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Join The Red Cross And Have A Merry Christmas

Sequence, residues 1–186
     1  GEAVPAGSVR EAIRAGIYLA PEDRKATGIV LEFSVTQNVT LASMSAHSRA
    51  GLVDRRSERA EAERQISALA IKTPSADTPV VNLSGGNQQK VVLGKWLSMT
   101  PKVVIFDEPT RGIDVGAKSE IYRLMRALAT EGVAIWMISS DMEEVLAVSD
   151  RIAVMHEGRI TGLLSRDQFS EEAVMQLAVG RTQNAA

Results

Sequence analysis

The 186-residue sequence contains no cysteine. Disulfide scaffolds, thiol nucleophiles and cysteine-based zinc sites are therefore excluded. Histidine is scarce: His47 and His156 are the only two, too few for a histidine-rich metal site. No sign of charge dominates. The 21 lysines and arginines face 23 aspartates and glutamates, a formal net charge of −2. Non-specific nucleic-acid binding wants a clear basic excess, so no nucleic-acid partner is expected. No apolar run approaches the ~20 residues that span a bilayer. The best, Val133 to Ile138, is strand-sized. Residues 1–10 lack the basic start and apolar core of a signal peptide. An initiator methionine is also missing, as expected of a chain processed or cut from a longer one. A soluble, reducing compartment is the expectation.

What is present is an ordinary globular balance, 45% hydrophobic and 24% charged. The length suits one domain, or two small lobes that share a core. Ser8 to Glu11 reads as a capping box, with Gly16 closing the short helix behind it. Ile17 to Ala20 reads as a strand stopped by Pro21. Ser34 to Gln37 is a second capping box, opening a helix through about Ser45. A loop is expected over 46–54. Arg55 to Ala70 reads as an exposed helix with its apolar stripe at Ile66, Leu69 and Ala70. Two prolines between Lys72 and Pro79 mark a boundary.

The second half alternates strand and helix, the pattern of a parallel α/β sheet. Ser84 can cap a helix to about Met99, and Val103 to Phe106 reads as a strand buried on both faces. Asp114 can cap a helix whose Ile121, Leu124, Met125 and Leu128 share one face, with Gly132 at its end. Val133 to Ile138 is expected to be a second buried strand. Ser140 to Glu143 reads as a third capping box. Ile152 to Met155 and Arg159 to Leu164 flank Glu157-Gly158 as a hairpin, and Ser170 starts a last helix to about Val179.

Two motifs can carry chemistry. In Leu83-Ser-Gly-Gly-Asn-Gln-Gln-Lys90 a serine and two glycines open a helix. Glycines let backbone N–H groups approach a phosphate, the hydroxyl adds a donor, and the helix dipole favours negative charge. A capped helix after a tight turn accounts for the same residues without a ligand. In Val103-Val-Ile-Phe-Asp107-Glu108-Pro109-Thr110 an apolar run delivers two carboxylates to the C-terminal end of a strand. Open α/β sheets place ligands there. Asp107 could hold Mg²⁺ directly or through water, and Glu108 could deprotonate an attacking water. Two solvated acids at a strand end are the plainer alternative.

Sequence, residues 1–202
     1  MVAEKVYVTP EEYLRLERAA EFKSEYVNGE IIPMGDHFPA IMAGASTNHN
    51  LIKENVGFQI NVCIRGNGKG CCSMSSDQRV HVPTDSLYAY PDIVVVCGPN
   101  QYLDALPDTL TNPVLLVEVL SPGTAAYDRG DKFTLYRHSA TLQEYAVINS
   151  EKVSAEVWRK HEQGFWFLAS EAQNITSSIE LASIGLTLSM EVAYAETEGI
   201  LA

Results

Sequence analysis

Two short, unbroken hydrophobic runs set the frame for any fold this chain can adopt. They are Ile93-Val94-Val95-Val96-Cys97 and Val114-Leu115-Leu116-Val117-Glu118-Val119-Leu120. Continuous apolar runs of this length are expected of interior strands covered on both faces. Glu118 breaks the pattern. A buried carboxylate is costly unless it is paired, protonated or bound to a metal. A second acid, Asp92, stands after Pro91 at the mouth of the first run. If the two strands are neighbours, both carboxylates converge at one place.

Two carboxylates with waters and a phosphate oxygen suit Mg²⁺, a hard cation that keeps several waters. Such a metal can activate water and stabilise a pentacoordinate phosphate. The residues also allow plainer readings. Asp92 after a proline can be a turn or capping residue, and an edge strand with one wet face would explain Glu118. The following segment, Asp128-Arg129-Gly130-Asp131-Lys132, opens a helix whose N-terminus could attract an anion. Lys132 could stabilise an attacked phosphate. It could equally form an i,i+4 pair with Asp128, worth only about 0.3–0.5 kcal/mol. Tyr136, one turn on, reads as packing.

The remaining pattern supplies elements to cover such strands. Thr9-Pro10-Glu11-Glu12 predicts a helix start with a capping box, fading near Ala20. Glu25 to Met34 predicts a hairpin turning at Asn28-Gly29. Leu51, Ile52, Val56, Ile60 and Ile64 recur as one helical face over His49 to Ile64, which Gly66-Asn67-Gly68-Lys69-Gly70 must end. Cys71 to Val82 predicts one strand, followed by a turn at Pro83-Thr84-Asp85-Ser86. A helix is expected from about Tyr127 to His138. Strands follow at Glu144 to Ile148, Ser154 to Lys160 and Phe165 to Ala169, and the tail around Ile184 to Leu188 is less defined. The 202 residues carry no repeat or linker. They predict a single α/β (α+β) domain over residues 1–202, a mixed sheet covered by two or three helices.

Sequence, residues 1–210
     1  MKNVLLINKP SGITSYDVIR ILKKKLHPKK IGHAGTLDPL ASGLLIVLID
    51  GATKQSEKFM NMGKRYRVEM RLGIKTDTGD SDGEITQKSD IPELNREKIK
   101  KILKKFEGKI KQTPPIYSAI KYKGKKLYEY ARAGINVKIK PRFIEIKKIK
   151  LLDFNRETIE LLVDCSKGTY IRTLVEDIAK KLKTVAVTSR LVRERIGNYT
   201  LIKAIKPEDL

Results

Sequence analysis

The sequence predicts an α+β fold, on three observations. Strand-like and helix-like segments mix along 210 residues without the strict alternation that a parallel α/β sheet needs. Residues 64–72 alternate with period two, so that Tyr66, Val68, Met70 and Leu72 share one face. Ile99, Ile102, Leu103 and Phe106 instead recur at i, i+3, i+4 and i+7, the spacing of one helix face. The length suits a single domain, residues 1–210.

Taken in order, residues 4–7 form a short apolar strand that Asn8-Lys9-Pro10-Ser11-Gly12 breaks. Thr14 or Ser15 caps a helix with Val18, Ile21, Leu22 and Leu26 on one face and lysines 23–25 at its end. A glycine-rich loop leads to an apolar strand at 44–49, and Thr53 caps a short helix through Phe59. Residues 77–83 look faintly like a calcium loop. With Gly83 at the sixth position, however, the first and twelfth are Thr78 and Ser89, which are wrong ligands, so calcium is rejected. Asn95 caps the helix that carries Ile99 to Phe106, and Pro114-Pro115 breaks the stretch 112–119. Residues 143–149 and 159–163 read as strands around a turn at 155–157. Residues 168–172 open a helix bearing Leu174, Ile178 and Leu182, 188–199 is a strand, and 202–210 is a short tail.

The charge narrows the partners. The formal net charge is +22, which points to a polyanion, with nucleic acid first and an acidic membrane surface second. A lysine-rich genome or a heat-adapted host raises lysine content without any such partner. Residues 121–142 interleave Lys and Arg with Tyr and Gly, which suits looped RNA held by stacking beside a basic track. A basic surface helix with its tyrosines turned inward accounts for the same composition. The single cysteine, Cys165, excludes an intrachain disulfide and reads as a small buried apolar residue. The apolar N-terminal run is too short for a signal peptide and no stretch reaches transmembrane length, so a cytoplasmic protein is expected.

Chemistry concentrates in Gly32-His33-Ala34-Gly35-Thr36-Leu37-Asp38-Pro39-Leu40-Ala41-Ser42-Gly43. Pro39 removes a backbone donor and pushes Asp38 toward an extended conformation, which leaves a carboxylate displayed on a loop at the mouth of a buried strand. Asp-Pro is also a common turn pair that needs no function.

Perth amboy Evening news. WEATHER — Occas ional enow ton >t ' ~ and tomoirow. c<m- V0L χχχνΠΙ. No. 13G tlnucd cold tonight. PERTH AMBOY, N. J., MONDAY, DECEMBER 17, 1917 EIGHT PAGES—TWO ( ENTS EDITION 500 Workers in Campaign to A dd More Members to Local Chapter of American Red Cross—Campaign Opened Sat urday Afternoon With Parade and Mass Meeting—Large Turn-out Despite Storm— Many Women in Line. ) Red Cross Appeal Five hundred of your fellow clt Izcns are starting today on α house to house canvas· which covers the entire city on behalf of the Amer lean Red Cross. These men and women aro giving their time and are devoting their entire energies freely and gladly. You are earn estly urged to give these workers every encouragement by promptly receiving them and signing up for membership. Needless to say that the Amer ican Red Cross Society is the one link that binds the boys In the trenches to the home country. In the name of humanity and brotherly love wc appeal to you for support. Perth Amboy has pledg ed Itself to get α membership of 8,500. By α strong, united and en thusiastic effort we hope to go "over the top." Will you help? The Executive Committee Christ mas Membership Drive—Amer ican Red Cross, ALBERT LEON, Chairman. Perth Amboy Is today being can vassed by 600 workers In an effort to secure 8,500 new memberships to the local chapter of the American Red Cross. Although the abovo number has been sot as Perth Amboy's ap portionment, It Is the general belief that the number can be passed by 10,000 and It Is with the larger num ber as their goal that the teams are working. The campaign was appropriately opened Saturday afternoon with a parade an<l big mass meeting. Al though the streets were snow covered and the weather below freezing, a large turnout responded and formed In line at 2:30 o'clock In High street. The members of the Red Cross turn ed out in largo numbers In spite of adverse weather conditions and were the subjects of congratulatory re marks all along· the Una of march be- I cause of their patriotism shown In I this evemt. The parade headed by' Mayor John F. TenBroeck, General Chairman of the Executive Commit tee Albert Leon and Marshal Glen worth Sturgls, passed north on High street, out Smith street to the Central railroad, where It countermarched as far as State street and went to the high school. In the parada were the members of the Red Cross chapter here, the various divisions of the home defense league, a police escort, members of the executive committee of the Red Cross campaign, captains and work ers, the Rarltan Copper Works am bulance and stretcher units, the St. Mary's, St. Peter's, Westminster and High School Drums and Bugle Corps. Tho high school auditorium was well filled at the Saturday afternoon meeting. Chairman Albert Leon In troduced Adrian Lyon as the presid ing officer during tho meotlng. Fol lowing the singing of "America" Cap tain Arthur Rudd, former assistant to the American ambassador in Petrograd was introduced. Captain Rudd spoke In behalf of tho Russian people. He stated that he was a firm believer In the Rus sian people and was certain that they do not wish peace. The trouble In Russia, he declared, Is being caused by such men as Trotsky and I.enine who havo gone to Russia from Amer ica and told the Russians that the American form of government le-a failure, all wrong and that they should not follow In America's foot steps. Tho Russians, Captain Rudd declared, are being accused of laying down. When they entered the war, be continued, Russia placed fourteen million men in the Hold. Now they have lost seven million In dead, wounded and prisoners. Even If they should stop at this point they would have done their bit, the speak er declared, but he expressed his con fidence In the Russian people, that they will find themselves and con tinue the fight. (Continued on page 5) URGE LIGHTLESS NIGHTS FOR MIDDLESEX COUNTY County Chairman McCormick Makes Public Letters from Ad ministration Heads—Lightiess Nights Thursdays and Sundays is Plan—Meet Here Tonight. Middlesex county will be asked to observe "llglitless nights" which will mean a diminution of the lights in the city and county, by the request of the United States fuel administration. A latter from the state adminisrator to Charles A. McCormick, county ad ministrator, containing the orders of the federaJ administration, calls at tention to the ο I'd er and asks for an observance of the rules on Thursday and Sunday nig'hts os a means of sav ing coal and other fuel, lias been re ceived. It is said that a.t the request of the county administrator the coal dealers of the city will meet with him to- | night at the New l'acker House to consider ways and means of saving coal and fuel during the duration of the war. The newest order of the federal fuel administration calls for a cutting down of display lighting, signs, white ways, and other lights, particularly on Thursday and Sunday nights. The complete order is contained in the fol-1 lowing letter received by Mr. McCorm ick from Klchard T. Jenklnson, state] fuel administrator: "We are today in receipt of a tele gram from the fuel administrator at Washington, D. C., as follows: 'Orderι of the Fuel Administration taking1 effect on Dec. 15, cancels orders reg ulating time advertising signs shall bo lighted. All eigne of every kind In cluding merchants' signs, theatre and display signs, display lighting on buildings and elsewhere, hotel signs and all advertising signs are ordered discontinued completely on Thursday and Sunday nights of each week. On these saime nights, stores not open for: business must not show lnsldo lights more than are necessary for safety, and municipalities must cut their ex tra lights for white ways, and must reduce them on Thursday and Sunday nights to only so much light as is necessary for safety. "These nights are hereafter to be known as 'lightlese nights' and we wish the local papers to urge house holders to observe these nights with as fern lights In their homes as pos sible. Please understand the spirit of the orders le that on Thursday and P. A. Hardware for Gramm-Bernsteln Trucks. 157S0-12-ll-6t* Undertakers and Embalmers. High Class Service. Auto or Coaches. Flynn Λ Peterson. Chapel and Morgue. 422 East Ave. Phone 858. Day or Night. P. A, Hardware for Snow Shovels. lt?»0-ll-ll-et· Christmas Cut Glass and China at Kelly Λ McAllnden'». 15950-12-17-».· > Sunday nights there shall be no moro] outdoor lighting than Is absolutely necessary for safety on the streets and to mark dangerous places, and that you are charged by the fuel adminis trator with giving full attention to the orders issued, and full authority is granted you to enforce the same. If there are any violations you will re port the same. Signed, Hope, Fuel Administrator." "Will you give the fullest publicity to the telegram, as it is an urgent or der, and you will bo guided by it. Signed, "Richard T. Jenklnson, State Fuul Administrator.". The county administrator is desir ous of having this county do its share In upholding tho federal administra tion In the observation of the latest or der, by which it is reckoned there will be α monstrous saving of coal throughout the country. Mr. McCorm ick has urged that all persons resid ing in the county do their share in observing the order. THERE'S SKATING Employes of the street department this morning· cleared off the snow from tho Eagleswood pond so that good skating· may again be enjoyed by local skating enthusiasts. Many were on the pond yesterday, it being well frozen. P. A. Hardware are moving to Madi son Ave. 157S0-12-3 l-6t* Smokeless Oil Heaters. Kelly A Mc Alinden Co. 15950-12-17-2t* NOTICE. All members of the Fire Department are requested to be at. the McClellan Fire House tomorrow, Tuesday morn ing·. at 9 o'clock to take part In the funeral of the late Ex-cliief John P. Morgan. NELS HANSON, Chief. 15942-12-17-lt· "JOHNNY" SLOIIODIEN PELLS THE CLASSIEST NECKWEAIl FOR MEN— AND THE LATEST COLLARS, TOO. 15934-12-17-1t* Repairing of Sewing and Talking Machines at Salter's. 357 State St. 16388-11-26-tf-oew-M* MILADY'S LUXURIOUS HATS Dependable, fashionable, Individual —three qualities which characterize every hat in our shop, at surprisingly low prices. THE HAT SHOP Open Evenings. Phone 687-M. f β jeflcnm It HEAR KAISER WILL SUBMIT TERMS SHORTLY THROUGH NEUTRALS, AND UNDER PLEDGE OF SECRECY LUKË À. LOVELY SO. AMBOY SOLDIER, I REPORTED AS MISSING III GERMANY Luke A. Lovely, eon of Thomas jovely, of 101 Stevens avenue, South Arniboy, has been reported missing Λ-ith Pershing's armies in France. A telephone message received by the 'ather of the missing youth yesterday stated: "We regret to report that rour eon, Private Luke A. Lovely, o£ ,he Engineers division, is among the missing in aotlon." The message was originally Eigned by the adjutant gen eral and sent by telegraph to New ïork. Owing to the wires being down it was telephoned to Mr. Lovely a1 1:40 o'clock yesterday afternoon. A letter containing the message from Washington Is expected. Lovely was twenty-five years ol< on November 26 and tt is believed he was one of the heroic American engi neers who, cut off from the BritlsJi lines, fouglit so valiantly in tlu G-ouzeacourt fighting on November 30 Reports otf the wonderful fight put ui by the American engineers have beer In both English and American news· papers ever ein.ee the attack, all speaking highly of the "Sammies' bravery. The South Amboy youth enlistei through the Perth Amboy recruitinf station on May 21, in the first reserv< corps of the engineers. He was sen to Fort Totten, where he was assigned to Company E, Eleventh Enginears After receiving training at that for for about a month and a half he !ef for the other side. A letter was re celved by hie father on July 14th, stating that by tho time the letter was received he would be on hie way across the Atlantic. Six weeks later word was received that Lovely had arrived safely In Eng land and later a letter came from France. Mr. Lovely stated this morn ing that his son had been writing home at two week Intervals ever since. Tha last letter received was on November 21, and with it was a box containing Christmas gifts for those at home from their loved one who was doing his duty "over there." The next word received was the tel ephone message yesterday from New York telling of the telegram received there from Washington announcinc young Lovely as being "missing." Whether tho popular South Amboj resident Is dead, wounded or a pris oner, Is not known. It Is tho beliel that he le a prisoner, as reports re garding the raid declare the German! took some of the American engineers General Halg, a few days after th« clash between the engineers and th< Germans, congratulated General Per shing on the excellent showing mad< by the American engineers. Thej were armed only with shovels ani hammers when the Germans surpris ed them. Some of the engineers wer« on a locomotive which they wer< using. They dropped Into shell hole! and as soon as they could make theii way back to the British lines secured arms from the Tommies and started | back to fight the Boche. Reports have been received by the score from | ι the British of how these American I engineers fought hand to hand with I the Germans In thle skirmish. The j railways upon which the engineers were working, was blown up by the ! Germans. Several of the American engineers were reported captured. Later reports stated that several of | these had escaped. This small continent of engineers | was among the first Americans to clash with the Germans. The "pio neers," as the French call the engi neers, were some distance In advance of the British trenches laying a rail road track, when they were surprised by the enemy and cut off from the British. A French newspaper had the fol lowing account of the encounter: "The courageous conduct of a num ber of American soldiers attracted much attention. They were pioneers and specialists engaged in construc tion and working on field railroads. When the enemy appeared Friday morning, (November SO), they ex I changed their shovels for rifles and ! cartridges and fought along side the I Tommies. Several fell gloriously, with arms In their hands, facing the foe. "No man who saw them at work but pralees glowingly the coolness, discipline and courage of these Impro vised fighters." TRUE COAL SITUATION AS EXPLAINED BÏ OFFICIALS AT THREE BIG DOCKS That the recent ihoim had a bad c-ffect on coal shipments from the three coal shipping terminals center ing in this city, but that the coal is now going out to the Metropolitan district in good shape and order, and that more coal could be handled if received, was the gist of reports received this morning from the local docks of the Lehigh Valley Railroad Company, the South Amboy docks of the Susquehanna Coal Company and the Port Reading docks of the Philadelphia and Port Reading. In speaking of the situation, upon which much attention has been focused through the shortage in New York city, the superintendents of the three docks spoke optimistically today, and said that they look forward to better conditions within a short time, and that they do not think there will be any appreciable shortage when traffic is cleared after the effect of last week's storm, which erippied many of the traction Unes. The following is tlio situation as potnted out by officers of tlio three lines: LEHIGH VALLEY DOCKS. Superintendent Dorsey. Superintendent Charles H. Dorsey of the Lehigh Valley Docks In tills city said this morning: "We have things in pretty good shape here to day. U'e worked yesterday all day, and all night and will continue with double shifts till we clean up the ac cumulation in the yards. There are about 6S0 cars of coal in our yards at present, which we want to get out as soon as we can clear them up from the docks. "All our coal is going to New York harbor at the present time as fast a;! we can unload it here, onto the boats. The coal has come through from the mines in good shape, with a slight halting due to the storm last week, but things are working smoothly now, and we are handling the coal as fast as we can. "We are not hampered with labor shortage, but are in good shape, and have sufficient men, 110 men working on Dock A alone. We have men from other divisions aiding in the present work of clearing up, 'but do not need any more help." SERVICE FLAG, 60 STARS, - RAISED BY Y. M. H. A. A service flag containing sixty stars representing· the members of that or ganization now in the service of their country was unfurled at the local Y. M. H. A. building last night. The meeting was attended by about 200 members of the Υ. Μ. Η. Α., the Y \V\ Η. Α., and their many friends. In connection -with the unfurling of the flag speeches were made in honor of the boys who have gone from that as sociation to tight by Rev. E. Friedman, Mayor John P. TenBroeck and Harold E. Pickersgill. Albert Leon, chair man of the Red Cross executive com mittee niado an urgent appeal for memberships and this subject was also included in the speeches of the other men. Eighty-six memberships were se cured for the Retl Cross from those present. An interesting program was carried out, following the speeches by members of the Y. W. H. A. and Y. M. H. A. An interesling talk was also given by Sergeant George J. Miller on heavy artillery. Sleds and Skates. Kelly <& McAlinden. 15950-12-17-2t* NOTICE. All local baked bread from 7 to 12 Tuesday morning at Gc a loaf at the Perth Amboy City Market. 16944-12-17-lt* Γ. & R. POCKS. Yaramastrr Μη 11 h an. Yardmaster Sullivan of the Port Reading docks of the P. & R. company said this morning:: "All the yards hereabouts were down as low as they can get. We are handling business right up to date. There was an Inter ference owing to last week's storm but little at the port. We can't get the coal from tile line fast enough to sup ply it to the docks. We have about 750 cars of coal at the terminal at the present time, which is far below the normal amount of 3,500 cars which we could handle, if the yard were filled. There is no labor shortage. "The real difficulty comes from the fact that the coal is being held up on the line due to the storm. The coa comes from far distant points, and the snow and storm halted operation. In some of these shipping points much coal Is being held up, but with normal weather conditions, wo should be abl< to increase our shipments materially, "We are running below normal ship, ments now, but we have been doing so for some time. If transportation could be bettered we would be able to do more work in tho yards and on the docks." GAR UtnslLtl), Uflubto rlnt AT RAILROAD BUILDING As a result of η peculiar accident at 3:20 o'clock this morning, the tower shanty on the Lehigh \'alley railroad at the New Brunswick ave nue crossing was totally destroyed by Are, after having been overturned by a coal car which capsized while being drawn over the tracks at the storage grounds of the railroad, above the avenue. A stove in the shanty set the ruins afire after it had been turn ed over, and the fire department was called out to extinguish the blase. The derailed car was dragged for soma distance along the track before tho train was stopped. A wrecking crew righted It this morning. Dennis Dolan, flagman at the cross ing, was uninjured when the shanty, which was two stories high, was knocked over by the coal car. He rushed to a nearby telephone and called up polico headquarters and an alarm of (lie was sounded from box 63. When the firemen responded they found the shanty a mass of flames ana the earth at the side of the track ripped up by the overturned car. The flames were soon extinguished. The car was one of a train which w:is being drilled In the yard, and turned over on the slippers rails. As It passed the shanty, which was built on stilts, the supports wero knocked away and the building crashed to tho ground. The lighted stove was upset and the ruins immediately broke out Into flames. Dolan was not In the shanty at the time of the accident. VOFR XMAS Fl:ltLEI HOI.VGD Soe «JOHjrNV» «JuOBODIEN'8 WIN DOWS FOR MKS'8 THINGS. 16PS4-lZ-17-lt· Professor Krndell, Dancing Iustrurtor Class Instruction In society ballroom dancing under the direction of Prof KendeH, of New York, will be held at the Montalvo Academy of Music, in Smith St. in Automobi esFor Hire in /In C. Johnson ΛΚ "U TAXI SERVICE ~U SOUTH AMBOV IKK KS. Peniia. II. H. Officiai. From the South Amboy docks, an official mado a somewhat more opti mistic statement than the officials of the other docks, saying that there was neither a shortage of coal nor of labor at the yard, or on the docks. He said, in part, "The shipment of coal from this port is going on normally. There is no shortage of coal to speak of, and we are working steadily with our shipments to the New York and other districts. "There Is no coal stored here other ' than what we need for absolute ship ment at the docks." He also denied I that there was a labor shortage, say ' ing that the labor situation did not 1 bother the South Amboy docks so much, owing to the fact that they op I erated with the huge machinery there, I which did away with considerable I man power. The "dumpers," as they are known, lift the car of coal off the docks, over turn it, dump the load into the wait ing barges, and are then automati cally righted and placed back on their tracks. The same system is in use to a certain extent at both the Lehigh and Port Heading docks. PROHIBITION DEBATE ON IN HOUSE THIS AFTERNOON Vti United Près» WASHINGTON", Dec. 17—With the air tense, tho House of Representa tives today started debate on the na tional prohibition amendment ap proved by the senate. A final vote scheduled for 5 P. M. was confidently awaited by the all anti-«aaJ«x>n forces. I It was regarded by both .«sides as the ! preliminary to the bitter fight In the forty-eight state legislatures, approv al of thirty-six being necessary to make this a dry nation. Bitterness over organized labor op poidtlon to the amendment developed In the opening speech for the "drys" by Representative Wefob. "Samuel Gompers never has and ι does not represent organized laboi· on this question. The great body of American labor realizes well the great benefits to them ot this amendment," said Webb. Gompers In η full page advertise ment In local papers had addressed an open letter to Webb in defense of beere and light wines. One Democrat and one Republican from each side were selected to control the division of time In the debates. Webb and Gol stead for the "drys" and Garde and Graham for the "wets." P. A. Hardware for Good Skates 16780-12-11-lt· CHRISTMAS PHESÏST8 THAT Η AVE REAL Λ\ Ο It'I'll ΚΟΚ Mi:V. "JOHNNY" si.ohoi>ii:\ has ·βμ. lsefll u.ves. 16934-12-17-lt· Rim Cuts Repaired. Guaranteed Three Months. Steam Vulcanizing. "LET GEORGE DO IT* )pen Evenings till 8 p.m. Then· 1473. 1917 MAXWELL Tourinq Car SEXTON'S GARAGE ^ïî,? CQ| VAN SYCKLC ■ 1(11 UmouitD· Tourln* Car· I UUI Mid Tail». Day or Nl*bt j For Christmas SEE OUR LINE OF * China Gut Glau and Silverware Kelly & McAlinden Co. SEE OUR "AD" ON PAGE EIGHT t ITALIANS SI AM ; COUNTER DRIVE G A INS REPORTED Report is That Germany Would Not Mention Alsace-Lorraine —Whether They Would Cover German Colonies or Fur ther Disarmament and Indemnities for Damage Was Not Made Known in the Amsterdam Dispatch. By United PrptttL AMSTERDAM. Dec. 17—Germany will shortly transmit peace terms to the Allies through neutrals and under pledge of secrecy, according to word from Berlin today. Reports declared the proffers would assert Germany's political disinter estedness "as to Belgium, but would not mention Alsace-Lorraine." Whether they would cover the Ger man colonies or further disarmament, DECLARES CITY DRY YESTERDAY Mayor Issues Orders in Cam paign Against Excise Viola tions and is Well Pleased. Satisfied iiutt Ills order to close all saloons one week ago yesterday made the city drier and more law abiding than ever, and that the effect on the city was the best. Mayor TenBroc-ck on Saturday repeated his order to the I effect that all saloons In the city were to remain tight over Sunday, and this morning was equally satisfied that his more recont order had been obeyed. So was Chief Burke whose men were on the lookout for violations of the excise laws yeeterday, and reported no trouble In the city. The repetition of the mayor's order, which he Intends to stand for all time, again set the police to a close w*utch over places In the city which have been under suspicion for some time. These places apparently gave up the ghost when they discovered tho cloea wai-ch being observed, and business was at a standstill. Λ1! pa trolmen reported that the laws were being observed. Mayor TenBroeck said today that his order Is to stand, and that he In tends to keep at the matter until it is thoroughly understood that Perth Amboy is dry on Sundays and stays that way, for good and all. He sum med up the situation, saying, "If It ι can work for two Sundays, there Is I no reason why it cannot work for all j time." The police were suspicious of cer itain places and certain that if they 1 were not closely watched they would ! open up. These places were kept un 1 der a careful surveillance, but appar ently realizing the seriousness of the order, they gave up gracefully and closed up tight. In speaking of the situation last week one of the liquor dealers said that with the triple alliance of the mayor, the police and the board of 1 ercise commissioners all working to ! observe the law there was little chance for a man to break it, and he would certainly be riding- in the face of fortune if he dared to brave their edicts. He said that certain elements of the liquor trade welcomed the or der, as it mco-nt that they could close when they wanted to on Sundays and take a day off, whereas under the old order of things they were forced to keep open, clandestinely, by the fact that others did and thi> did not care to lose their trade. GERMAN SPY ROBS BRITISH MISSIONS OFFICE 3v T'nitffl rrcss WASHINGTON. Deo. 3 7:—Λ Gor man spy entered and robbed the I British War Missions' office in the j Munsey building:, according· to a Eheo • ry under official investigntion today. J Λ key to the Missions private United ■ States poet-olflce box Is the principal ! missing article. It was an 'inside" ' job. according: to detectives. A strong iron gate reaching from the marble floor to tho ceiling has been erected at the entrance and every lock in the 1 entire suite and to adjacent offices has been changed. Tickets, programs, all kinds of print ing·. Perth Amboy Printing Co.. 70 Smith St. 15943-12-17-2t· and indemnities for damage done in Belgium and northern Franco, wal not known. Italians Take Offensive. Hy Oni.e/i Prexi. ROME VIA LONDON, Dec. 3 7^. Italian troops suddenly assumed the offensive against Austrians in the Piave-Delta sector and on armed motor boats and skiffs destroyed a small enemy bridge, swept over pome enemy positions and took many pris oners, today's official statement as serted. Friday evening the war office said the Italian forces in this sector effectively bombed enemy troops and their line of communication. In the Colgelaberretta region an Italian counter attack repulsed an enemy ad vance Around Monte Melino a Teu ton observation post was repulsed. Berlin War Report By United hrea* BERLIN (via London), Dec. 17:— South of Monte Fontanaeoca English attacks broke down, suLd today's offi cial statement from the Italian front. Capture of several hundred prisoner· by Austrian s south of Col cat rile λ vas announced by the war office today. Between the Brinta and the Plaive river the statement reported violent artillery!η g in Isolated sectors. Germans Made Ml-take By United i'r*aa WITH TJ1E AMERICAN ARMIES IN FRANCE, Dec. IT:—A German communique recently claimed capture of a French officer and forty-five men in a trench raid in the Bures sec tor, on a position where they previ ously took eleven Americans as pris oners. The above dispatch may indicate that the position of Americans in Uie front line trenches ha* been shifted and that French troops have replaced them. On the other hand it may simply show the Inaccuracy of German offi cial statement in claiming capture of French soldiers in a section where there are Americans. RojMirt Naval Ix>s.«. ■ dy United JJre.\s. ι LONDON, Dec. 17—One British destroyer and six merchantmen were sunk in a recent encounter on the high seas. Sir Erich Gedds, first lord of the admiralty, announced in the House of Commons today. GiVIL WAR SPREADING IN RUSSIA; PUSHPEACE PLANS tfy Unfted Pr^si PETROGRAD, Dec. 17—All banks were closed today. News from the south received indicated that the civil war was extending. The publio acceptance of announcement of for mal signatures to the armistice be tween Russia and Germany has been "satisfactory," according to Bolshev ik! officials. Cnnfor VVîfli îîolsheviki. By JOSEPH SHAPLEN. (United Press Staff Correspondent.) STOCKHOLM, Dec. 17—Philip Scheidemann. leader of the German Majority Socialists, is here today con ferring with Bolsheviki, Minister M. Orlovsky, on peace between Germany and Russia. "I am very sorry, but I cannot dis cus the nature of my conference with M. Orlovsky," Scheidemann told the United Press today. 'Orlovsky was equally reticent. 'From other sources, however, it was ; reported thai Scheidemann has been cloth* d with full powers by the Ger ! man government which had directed the peace angling at Stockholm, rather than at Brest. Litovsk, because proceedings at the latter place were subject to full publicity by the Bol sheviki The Brest-Litovsk confer ence of commissioners, representing the army of Germany and Russia will presumably continue irrespective of negotiations at Stockholm. The Bolsheviki it was reported first suggested conference with Scheidemann at the Swedish city in the belief that they could line up Scheidemann*» ma >ority socialists against German im perialism After four months efforts Scheide mann has finally managed to meet with a representative of Russia to make peace terms. S -heidemann is a firm supporter of the German govern ment managing in some inexplicible ways to bend his socialist peace to fit in with German autocratic court. Xmas Candy Have just received our Xmas box candy, guaranteed absolutely fresh and of the best brands made. Agents for Belle Mead Sweets, Ligsrett's, Maillard's and Park & TUford's. Prices 85c to $6.50 Let us have your candy order. Perfumes, Cigars, Combs, Brushes, etc. 6000 Xmas Postals and Booklets lc to 10c Red Cross Seals For Sale Here Seaman, Pharmacist, 60 Smith St.